5. Looking inward instead of outward
“You don’t want to spend too much of your time thinking about how your data team should be organized or what your roadmap will look like,” Rob says. “The majority of the most successful data teams think of themselves as almost a consulting expert in data for the rest of the business. This perspective helps them focus more on looking outward instead of inward—focusing on the business needs.”
DataOps trends and possible future advancements
Rob thinks we’re close to a world in which a business analyst can spin up a pipeline on their own without having to engage a data team. “You really only need a login and password into the source system in order to stand up, at the least, a very basic pipeline into your warehouse,” Rob says. “From there, you can write some SQL to interrogate data very, very quickly.”
Where things get a little trickier—and potentially require a more specialized skill set—is when you need to blend data. An example: If you want to join your sales and billing data to your marketing and product data to create a single-source-of-truth reporting across your business and customer journey, that gets more complicated.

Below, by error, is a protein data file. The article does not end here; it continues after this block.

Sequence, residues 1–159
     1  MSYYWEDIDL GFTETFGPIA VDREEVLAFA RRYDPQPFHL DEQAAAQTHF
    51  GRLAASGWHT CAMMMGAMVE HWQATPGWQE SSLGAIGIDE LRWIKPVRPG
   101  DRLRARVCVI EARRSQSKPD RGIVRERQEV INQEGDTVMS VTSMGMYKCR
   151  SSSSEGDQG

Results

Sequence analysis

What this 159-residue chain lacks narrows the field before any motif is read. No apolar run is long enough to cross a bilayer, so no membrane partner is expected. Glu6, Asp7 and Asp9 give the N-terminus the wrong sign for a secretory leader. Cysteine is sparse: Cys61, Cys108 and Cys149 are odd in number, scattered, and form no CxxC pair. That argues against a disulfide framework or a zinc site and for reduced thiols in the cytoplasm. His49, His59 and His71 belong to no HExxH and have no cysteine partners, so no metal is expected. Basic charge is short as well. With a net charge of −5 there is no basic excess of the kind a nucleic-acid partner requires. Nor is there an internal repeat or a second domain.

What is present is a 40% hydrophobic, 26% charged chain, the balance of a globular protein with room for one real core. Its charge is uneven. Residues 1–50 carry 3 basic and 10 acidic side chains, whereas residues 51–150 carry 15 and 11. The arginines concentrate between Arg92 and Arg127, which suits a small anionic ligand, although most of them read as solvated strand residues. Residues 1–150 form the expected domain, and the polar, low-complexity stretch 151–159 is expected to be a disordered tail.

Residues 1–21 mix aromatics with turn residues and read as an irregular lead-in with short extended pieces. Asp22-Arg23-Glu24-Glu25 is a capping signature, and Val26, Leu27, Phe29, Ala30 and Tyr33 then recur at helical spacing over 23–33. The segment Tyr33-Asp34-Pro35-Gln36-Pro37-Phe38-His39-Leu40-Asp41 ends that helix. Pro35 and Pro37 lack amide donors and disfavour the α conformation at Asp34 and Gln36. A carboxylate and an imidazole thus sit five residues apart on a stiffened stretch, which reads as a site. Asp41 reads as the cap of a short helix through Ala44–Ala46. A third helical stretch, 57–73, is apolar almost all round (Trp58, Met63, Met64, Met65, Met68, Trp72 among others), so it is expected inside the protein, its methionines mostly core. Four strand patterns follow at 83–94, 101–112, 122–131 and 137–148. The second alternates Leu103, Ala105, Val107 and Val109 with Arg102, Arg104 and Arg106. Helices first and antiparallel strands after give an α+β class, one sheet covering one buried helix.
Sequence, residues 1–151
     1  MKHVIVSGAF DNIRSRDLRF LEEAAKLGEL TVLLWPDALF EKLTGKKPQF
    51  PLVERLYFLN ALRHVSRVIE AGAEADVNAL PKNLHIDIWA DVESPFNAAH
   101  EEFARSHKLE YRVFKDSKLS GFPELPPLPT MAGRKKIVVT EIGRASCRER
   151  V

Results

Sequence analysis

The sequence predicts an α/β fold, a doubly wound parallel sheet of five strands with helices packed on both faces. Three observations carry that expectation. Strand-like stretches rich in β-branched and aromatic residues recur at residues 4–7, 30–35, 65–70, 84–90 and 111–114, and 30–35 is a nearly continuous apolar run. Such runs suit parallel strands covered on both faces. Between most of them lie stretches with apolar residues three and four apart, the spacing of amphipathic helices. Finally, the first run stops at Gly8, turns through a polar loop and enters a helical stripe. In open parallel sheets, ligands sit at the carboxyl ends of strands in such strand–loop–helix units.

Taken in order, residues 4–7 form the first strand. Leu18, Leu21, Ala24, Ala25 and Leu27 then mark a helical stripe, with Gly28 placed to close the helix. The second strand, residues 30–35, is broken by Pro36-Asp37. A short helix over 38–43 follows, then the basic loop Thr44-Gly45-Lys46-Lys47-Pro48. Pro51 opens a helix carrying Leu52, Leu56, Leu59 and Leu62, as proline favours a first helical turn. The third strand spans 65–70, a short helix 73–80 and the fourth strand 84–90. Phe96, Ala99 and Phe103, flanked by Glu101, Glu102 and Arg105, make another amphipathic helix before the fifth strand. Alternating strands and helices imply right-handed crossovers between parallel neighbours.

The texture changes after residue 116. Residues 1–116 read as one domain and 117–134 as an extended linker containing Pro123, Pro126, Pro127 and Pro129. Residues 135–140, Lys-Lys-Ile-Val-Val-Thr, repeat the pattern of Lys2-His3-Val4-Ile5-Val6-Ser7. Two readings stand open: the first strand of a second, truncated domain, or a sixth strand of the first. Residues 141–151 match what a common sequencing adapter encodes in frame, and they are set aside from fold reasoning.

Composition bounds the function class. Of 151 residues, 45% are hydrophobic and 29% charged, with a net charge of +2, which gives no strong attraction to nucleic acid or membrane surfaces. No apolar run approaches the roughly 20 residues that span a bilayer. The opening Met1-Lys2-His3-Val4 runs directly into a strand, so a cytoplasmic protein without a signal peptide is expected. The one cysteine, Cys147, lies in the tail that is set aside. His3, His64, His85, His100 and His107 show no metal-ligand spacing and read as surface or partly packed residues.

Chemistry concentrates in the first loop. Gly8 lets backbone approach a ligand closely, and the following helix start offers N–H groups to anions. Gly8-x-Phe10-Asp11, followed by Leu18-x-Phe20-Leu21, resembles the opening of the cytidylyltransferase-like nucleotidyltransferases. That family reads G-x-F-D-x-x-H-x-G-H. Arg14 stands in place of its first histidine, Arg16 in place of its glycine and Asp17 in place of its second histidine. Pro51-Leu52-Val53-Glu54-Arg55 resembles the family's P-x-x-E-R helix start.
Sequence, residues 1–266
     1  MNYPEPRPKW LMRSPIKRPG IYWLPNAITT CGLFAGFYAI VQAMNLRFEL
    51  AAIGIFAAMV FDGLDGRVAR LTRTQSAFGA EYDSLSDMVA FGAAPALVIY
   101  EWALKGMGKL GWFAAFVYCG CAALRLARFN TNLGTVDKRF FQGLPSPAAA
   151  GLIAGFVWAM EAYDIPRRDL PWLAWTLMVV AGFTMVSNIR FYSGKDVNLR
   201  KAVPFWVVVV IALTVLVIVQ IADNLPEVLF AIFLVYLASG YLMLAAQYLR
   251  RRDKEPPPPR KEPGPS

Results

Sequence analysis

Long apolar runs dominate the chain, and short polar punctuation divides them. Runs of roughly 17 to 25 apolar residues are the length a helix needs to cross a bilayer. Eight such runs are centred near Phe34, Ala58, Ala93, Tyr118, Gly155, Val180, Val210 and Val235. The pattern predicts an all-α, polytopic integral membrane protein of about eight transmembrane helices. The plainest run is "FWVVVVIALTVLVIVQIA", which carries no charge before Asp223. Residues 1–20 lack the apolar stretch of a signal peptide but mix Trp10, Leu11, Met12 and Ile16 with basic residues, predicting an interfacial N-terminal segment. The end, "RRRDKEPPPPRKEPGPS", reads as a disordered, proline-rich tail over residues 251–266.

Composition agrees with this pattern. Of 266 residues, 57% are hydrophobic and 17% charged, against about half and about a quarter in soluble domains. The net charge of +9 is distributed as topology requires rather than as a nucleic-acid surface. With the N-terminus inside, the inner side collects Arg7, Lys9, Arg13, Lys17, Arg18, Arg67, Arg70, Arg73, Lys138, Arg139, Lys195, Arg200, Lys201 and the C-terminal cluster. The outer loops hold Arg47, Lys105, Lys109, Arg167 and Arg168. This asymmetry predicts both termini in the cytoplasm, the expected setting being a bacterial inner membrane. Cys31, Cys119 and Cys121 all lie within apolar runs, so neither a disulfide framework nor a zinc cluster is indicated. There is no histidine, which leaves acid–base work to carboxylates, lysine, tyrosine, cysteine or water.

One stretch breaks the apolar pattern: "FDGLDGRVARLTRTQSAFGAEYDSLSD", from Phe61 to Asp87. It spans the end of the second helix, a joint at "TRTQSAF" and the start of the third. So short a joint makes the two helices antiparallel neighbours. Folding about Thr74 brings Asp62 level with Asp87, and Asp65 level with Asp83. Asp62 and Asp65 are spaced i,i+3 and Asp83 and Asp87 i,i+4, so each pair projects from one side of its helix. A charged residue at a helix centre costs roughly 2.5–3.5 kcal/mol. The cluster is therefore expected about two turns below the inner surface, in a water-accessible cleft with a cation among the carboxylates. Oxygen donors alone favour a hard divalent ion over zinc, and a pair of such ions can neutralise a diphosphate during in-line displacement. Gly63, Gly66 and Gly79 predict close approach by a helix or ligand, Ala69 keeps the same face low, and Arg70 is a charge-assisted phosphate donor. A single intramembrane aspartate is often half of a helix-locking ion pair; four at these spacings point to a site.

In the not-too-distant future, Rob hopes to see additional advancements that will continue to broaden the scope of what organizations can do in the DataOps field, even without a lot of specialists. For instance, he’s eager for someone to develop tools that deliver what he calls “auto insights.” These tools would be familiar with an organization’s data, be able to scan it, look at historical trends, drill down into deeper layers (beyond highest KPI level), and automatically generate insights that would otherwise remain undiscovered.
“It’s the thing you’re not looking at that gets you in the end,” Rob says. “So a tool that can automatically interrogate your data and deliver ideas of the things you may want to consider would be incredibly valuable.” Rob imagines this kind of tool will be less for a data scientist or a data engineer, and more for a data analyst or functional analyst.
While we’re waiting for these new technologies to arrive, organizations can focus on building a strong DataOps foundation by taking Rob’s advice and sidestepping the most common mistakes.